Difference between NOT IN, LEFT JOIN and NOT EXISTS. The objective is to fetch all records in one table that are not present in another table. The most common code I’ve seen at client sites includes the use of NOT IN, because this keyword is included in most programming languages and programmers tend to use this technique when writing stored procedures in the database too. The code example I have found in most cases is this simple and understandable SELECT     a.iFROM       #a AS aWHERE      a.i NOT IN (SELECT b.j FROM #b AS b)           OR a.i IS NULL The basic idea is to get all records...

posted @ Thursday, September 20, 2007 10:17 AM | Feedback (13) | Filed Under [ Optimization ]

Finding group of records with a certain status

I recently was given the task to optimize some code prior to a client's upgrade to SQL Server 2005. The objective for the old code was to get all orders where status for all orderlines where set to 'DROP'. SELECT     t.OrderID,           t.OrderDateFROM       tblOrder AS tINNER JOIN (            SELECT     a.OrderID,                          CASE                           WHEN SUM(b.Type) = COUNT(*) THEN 'DROP'                              ELSE NULL                          END AS [Type]               FROM       tblOrder AS a               INNER JOIN (                           SELECT     OrderID,                                         CASE                                          WHEN [Status] = 'DROP' THEN 1                                             ELSE 0                                         END AS Type                              FROM       tblOrder                          ) AS b ON b.OrderID = a.OrderID               GROUP BY   a.OrderID            ) AS c ON c.OrderID = t.OrderID AND c.Type = 'DROP' After some testing I...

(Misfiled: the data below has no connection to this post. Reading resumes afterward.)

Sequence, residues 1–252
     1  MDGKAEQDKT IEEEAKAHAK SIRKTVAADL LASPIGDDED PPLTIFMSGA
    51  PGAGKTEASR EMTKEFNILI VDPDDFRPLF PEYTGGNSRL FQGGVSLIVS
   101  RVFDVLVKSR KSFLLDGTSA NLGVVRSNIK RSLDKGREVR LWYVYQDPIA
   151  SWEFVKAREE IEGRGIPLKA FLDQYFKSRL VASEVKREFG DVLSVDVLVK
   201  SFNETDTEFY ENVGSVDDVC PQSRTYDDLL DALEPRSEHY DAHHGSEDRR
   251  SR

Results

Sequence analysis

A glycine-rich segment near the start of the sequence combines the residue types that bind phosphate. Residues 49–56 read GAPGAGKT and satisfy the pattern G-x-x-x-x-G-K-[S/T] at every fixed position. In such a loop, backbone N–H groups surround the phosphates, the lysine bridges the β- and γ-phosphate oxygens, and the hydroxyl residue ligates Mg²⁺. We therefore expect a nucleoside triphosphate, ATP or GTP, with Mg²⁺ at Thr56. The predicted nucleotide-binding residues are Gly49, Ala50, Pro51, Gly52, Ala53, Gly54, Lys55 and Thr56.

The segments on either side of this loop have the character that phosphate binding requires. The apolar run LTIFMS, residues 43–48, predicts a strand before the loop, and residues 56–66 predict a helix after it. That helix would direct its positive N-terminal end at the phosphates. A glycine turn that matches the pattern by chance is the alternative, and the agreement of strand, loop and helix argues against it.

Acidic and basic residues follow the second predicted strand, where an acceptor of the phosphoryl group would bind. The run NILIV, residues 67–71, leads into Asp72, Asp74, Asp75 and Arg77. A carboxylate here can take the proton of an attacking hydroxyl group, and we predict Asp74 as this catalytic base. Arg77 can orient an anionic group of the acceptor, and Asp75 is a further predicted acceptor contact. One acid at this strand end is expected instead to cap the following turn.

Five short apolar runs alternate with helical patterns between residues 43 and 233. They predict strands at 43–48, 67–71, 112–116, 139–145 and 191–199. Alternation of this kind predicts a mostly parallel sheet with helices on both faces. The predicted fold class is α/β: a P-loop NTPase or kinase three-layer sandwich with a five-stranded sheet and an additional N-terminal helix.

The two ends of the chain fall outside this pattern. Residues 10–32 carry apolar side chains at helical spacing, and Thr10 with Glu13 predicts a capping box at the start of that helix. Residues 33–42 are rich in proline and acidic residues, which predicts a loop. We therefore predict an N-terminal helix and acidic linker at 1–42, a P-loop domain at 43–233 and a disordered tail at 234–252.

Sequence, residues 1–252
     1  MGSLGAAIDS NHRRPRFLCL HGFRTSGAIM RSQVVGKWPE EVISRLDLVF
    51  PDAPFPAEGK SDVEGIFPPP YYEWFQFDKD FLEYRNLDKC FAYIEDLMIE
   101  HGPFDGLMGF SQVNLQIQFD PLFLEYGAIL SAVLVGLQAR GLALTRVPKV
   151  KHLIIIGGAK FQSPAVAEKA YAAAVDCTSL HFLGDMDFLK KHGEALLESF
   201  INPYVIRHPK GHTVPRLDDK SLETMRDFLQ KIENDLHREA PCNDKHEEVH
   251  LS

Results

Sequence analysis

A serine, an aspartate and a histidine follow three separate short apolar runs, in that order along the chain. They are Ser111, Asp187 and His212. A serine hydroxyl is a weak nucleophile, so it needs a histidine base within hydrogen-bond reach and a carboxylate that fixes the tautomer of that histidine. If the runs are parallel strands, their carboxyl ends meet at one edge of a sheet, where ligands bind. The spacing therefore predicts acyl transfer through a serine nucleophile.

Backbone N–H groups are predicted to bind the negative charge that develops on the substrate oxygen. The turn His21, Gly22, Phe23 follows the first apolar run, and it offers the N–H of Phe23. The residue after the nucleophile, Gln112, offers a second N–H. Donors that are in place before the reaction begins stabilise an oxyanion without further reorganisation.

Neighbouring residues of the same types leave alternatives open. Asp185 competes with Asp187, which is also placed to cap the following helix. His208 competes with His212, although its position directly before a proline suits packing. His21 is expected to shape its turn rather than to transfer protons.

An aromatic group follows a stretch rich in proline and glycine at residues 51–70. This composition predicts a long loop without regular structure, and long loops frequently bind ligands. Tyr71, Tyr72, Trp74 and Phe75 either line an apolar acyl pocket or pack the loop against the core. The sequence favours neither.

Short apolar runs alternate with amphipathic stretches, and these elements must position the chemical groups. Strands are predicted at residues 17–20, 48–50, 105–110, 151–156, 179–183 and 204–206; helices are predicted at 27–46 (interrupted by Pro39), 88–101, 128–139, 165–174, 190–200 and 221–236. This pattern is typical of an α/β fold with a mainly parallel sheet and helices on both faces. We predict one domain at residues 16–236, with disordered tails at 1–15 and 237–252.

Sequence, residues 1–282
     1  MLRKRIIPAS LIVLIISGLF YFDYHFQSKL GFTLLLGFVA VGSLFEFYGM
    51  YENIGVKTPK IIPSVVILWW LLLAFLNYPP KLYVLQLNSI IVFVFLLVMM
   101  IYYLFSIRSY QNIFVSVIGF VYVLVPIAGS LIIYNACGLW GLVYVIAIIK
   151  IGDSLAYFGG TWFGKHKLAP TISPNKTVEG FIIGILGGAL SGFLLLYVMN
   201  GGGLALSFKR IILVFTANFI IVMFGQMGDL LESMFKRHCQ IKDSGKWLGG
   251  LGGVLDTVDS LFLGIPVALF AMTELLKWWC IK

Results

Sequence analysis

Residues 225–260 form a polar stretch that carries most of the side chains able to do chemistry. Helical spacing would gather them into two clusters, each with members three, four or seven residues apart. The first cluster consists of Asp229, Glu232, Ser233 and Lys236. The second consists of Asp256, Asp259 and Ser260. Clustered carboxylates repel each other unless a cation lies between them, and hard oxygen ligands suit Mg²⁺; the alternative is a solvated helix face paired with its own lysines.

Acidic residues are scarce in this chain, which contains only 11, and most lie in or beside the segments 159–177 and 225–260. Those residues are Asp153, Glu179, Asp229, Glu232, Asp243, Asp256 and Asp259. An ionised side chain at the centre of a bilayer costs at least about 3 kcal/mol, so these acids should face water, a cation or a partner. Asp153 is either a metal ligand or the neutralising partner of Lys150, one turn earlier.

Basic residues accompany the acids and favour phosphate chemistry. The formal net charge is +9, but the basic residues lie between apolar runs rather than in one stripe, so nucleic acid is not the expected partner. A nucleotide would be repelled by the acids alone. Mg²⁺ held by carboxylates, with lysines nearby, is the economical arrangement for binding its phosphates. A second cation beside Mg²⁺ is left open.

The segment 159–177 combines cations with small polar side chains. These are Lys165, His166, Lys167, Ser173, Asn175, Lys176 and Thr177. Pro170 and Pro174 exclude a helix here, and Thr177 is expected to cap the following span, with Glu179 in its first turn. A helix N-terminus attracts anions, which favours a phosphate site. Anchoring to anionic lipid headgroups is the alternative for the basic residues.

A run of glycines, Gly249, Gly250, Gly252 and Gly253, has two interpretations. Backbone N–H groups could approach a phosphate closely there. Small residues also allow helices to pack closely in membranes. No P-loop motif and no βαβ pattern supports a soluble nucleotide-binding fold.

posted @ Thursday, September 20, 2007 9:06 AM | Feedback (5) | Filed Under [ Optimization ]